Obesity is associated with insulin resistance and diabetes. Since both of these conditions have been implicated in cardiovascular complications, this association may explain obesity related illnesses and deaths. Gastric bypass is considered the "gold standard" surgical weightloss procedure and has been demonstrated to cure diabetes and insulin resistance. Some severely obese patients, however, have normal insulin-glucose metabolism. The differences in metabolic healthy in severely obese individuals has not been fully recognized or understood. This research will study insulin-glucose metabolism in a population of severely obese individuals undergoing gastric bypass. This investigation is based on the following hypotheses:

  1. Severely obese individuals can be categorized by degree to which insulin-glucose homeostasis is impaired.
  2. The degree of insulin resistance correlates with risk for cardiovascular disease. Weight loss in obese individuals with insulin resistance, will correlate with improvement in parameters associated with cardiovascular disease. Obese individuals with better insulin sensitivity will not have a high risk for cardiovascular disease and therefore will not experience this risk reduction in cardiovascular disease.
  3. Insulin resistance is a consequence of pathological storage of excess energy intake; therefore, individuals who are insulin resistant and obese will differ from individuals who are obese, but not insulin resistant with regards to gene expression in subcutaneous adipose tissue and visceral adipose tissue.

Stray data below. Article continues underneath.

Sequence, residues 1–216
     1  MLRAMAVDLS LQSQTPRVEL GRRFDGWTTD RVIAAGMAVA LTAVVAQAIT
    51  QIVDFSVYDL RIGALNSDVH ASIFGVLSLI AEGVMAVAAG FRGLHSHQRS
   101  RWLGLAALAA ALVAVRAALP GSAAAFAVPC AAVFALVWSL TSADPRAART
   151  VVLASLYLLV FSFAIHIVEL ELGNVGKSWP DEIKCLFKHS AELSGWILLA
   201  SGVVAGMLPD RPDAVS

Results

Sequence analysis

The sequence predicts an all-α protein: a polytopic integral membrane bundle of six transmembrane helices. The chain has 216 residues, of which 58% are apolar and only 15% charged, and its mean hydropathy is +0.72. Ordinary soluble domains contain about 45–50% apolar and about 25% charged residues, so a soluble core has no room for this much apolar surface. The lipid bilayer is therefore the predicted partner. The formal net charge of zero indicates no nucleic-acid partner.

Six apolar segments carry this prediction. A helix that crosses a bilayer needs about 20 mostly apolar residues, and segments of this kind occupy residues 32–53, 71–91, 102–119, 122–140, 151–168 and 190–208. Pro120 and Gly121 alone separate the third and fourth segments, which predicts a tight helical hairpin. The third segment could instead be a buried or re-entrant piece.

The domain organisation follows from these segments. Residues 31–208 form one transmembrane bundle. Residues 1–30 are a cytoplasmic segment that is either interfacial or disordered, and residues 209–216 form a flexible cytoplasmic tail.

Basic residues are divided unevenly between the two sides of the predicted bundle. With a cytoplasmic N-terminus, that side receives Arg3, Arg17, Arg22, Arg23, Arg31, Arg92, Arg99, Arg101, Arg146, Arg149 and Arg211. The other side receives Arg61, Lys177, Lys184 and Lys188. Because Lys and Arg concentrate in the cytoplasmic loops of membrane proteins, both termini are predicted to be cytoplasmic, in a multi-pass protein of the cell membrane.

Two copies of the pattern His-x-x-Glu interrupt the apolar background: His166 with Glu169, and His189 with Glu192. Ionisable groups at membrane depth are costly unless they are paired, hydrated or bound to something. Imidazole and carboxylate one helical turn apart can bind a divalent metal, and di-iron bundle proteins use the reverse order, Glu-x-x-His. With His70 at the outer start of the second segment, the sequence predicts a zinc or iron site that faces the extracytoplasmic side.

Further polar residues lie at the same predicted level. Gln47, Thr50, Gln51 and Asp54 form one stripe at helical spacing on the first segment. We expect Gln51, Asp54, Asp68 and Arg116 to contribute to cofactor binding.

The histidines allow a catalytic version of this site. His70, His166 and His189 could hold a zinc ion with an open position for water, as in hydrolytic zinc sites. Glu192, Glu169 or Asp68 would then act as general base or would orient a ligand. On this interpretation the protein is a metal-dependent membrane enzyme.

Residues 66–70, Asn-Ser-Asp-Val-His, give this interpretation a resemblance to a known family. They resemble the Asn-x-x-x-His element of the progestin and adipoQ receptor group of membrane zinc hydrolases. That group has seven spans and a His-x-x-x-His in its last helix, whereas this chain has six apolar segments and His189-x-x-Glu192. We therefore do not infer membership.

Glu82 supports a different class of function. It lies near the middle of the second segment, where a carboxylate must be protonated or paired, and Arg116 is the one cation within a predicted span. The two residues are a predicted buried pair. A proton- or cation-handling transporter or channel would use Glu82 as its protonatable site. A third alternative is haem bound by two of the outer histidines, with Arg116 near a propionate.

Subjects will be studied for evidence of end organ dysfunction and predictors of morbidity and mortality preoperatively and postoperatively. Additionally, gene expression in the subcutaneous and visceral adipose depots of subjects will be studied

  Eligibility

Ages Eligible for Study:   18 Years to 65 Years
Genders Eligible for Study:   Both
Accepts Healthy Volunteers:   No
Sampling Method:   Non-Probability Sample
Study Population

Severely obese patients undergoing gastric bypass surgery

Criteria

Inclusion Criteria:

  • Morbid Obesity
  • Scheduled to undergo gastric bypass surgery

Exclusion Criteria:

  • Pregnancy (would not be candidate for surgery)
  • Nursing (would not be candidate for surgery)
  Contacts and Locations
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Please refer to this study by its ClinicalTrials.gov identifier: NCT01007955

Locations
United States, Massachusetts
UMass Memorial Medical Center
Worcester, Massachusetts, United States, 01655
Sponsors and Collaborators
University of Massachusetts, Worcester
  More Information

No publications provided

Responsible Party: Richard Perugini, Principal Investigator, University of Massachusetts, Worcester
ClinicalTrials.gov Identifier: NCT01007955     History of Changes
Other Study ID Numbers: H-12082
Study First Received: November 3, 2009
Last Updated: August 23, 2012
Health Authority: United States: Institutional Review Board

Additional relevant MeSH terms:
Fatty Liver
Insulin Resistance
Liver Diseases
Obesity
Obesity, Morbid
Digestive System Diseases
Hyperinsulinism
Glucose Metabolism Disorders
Metabolic Diseases
Overnutrition
Nutrition Disorders
Overweight
Body Weight
Signs and Symptoms

ClinicalTrials.gov processed this record on July 23, 2014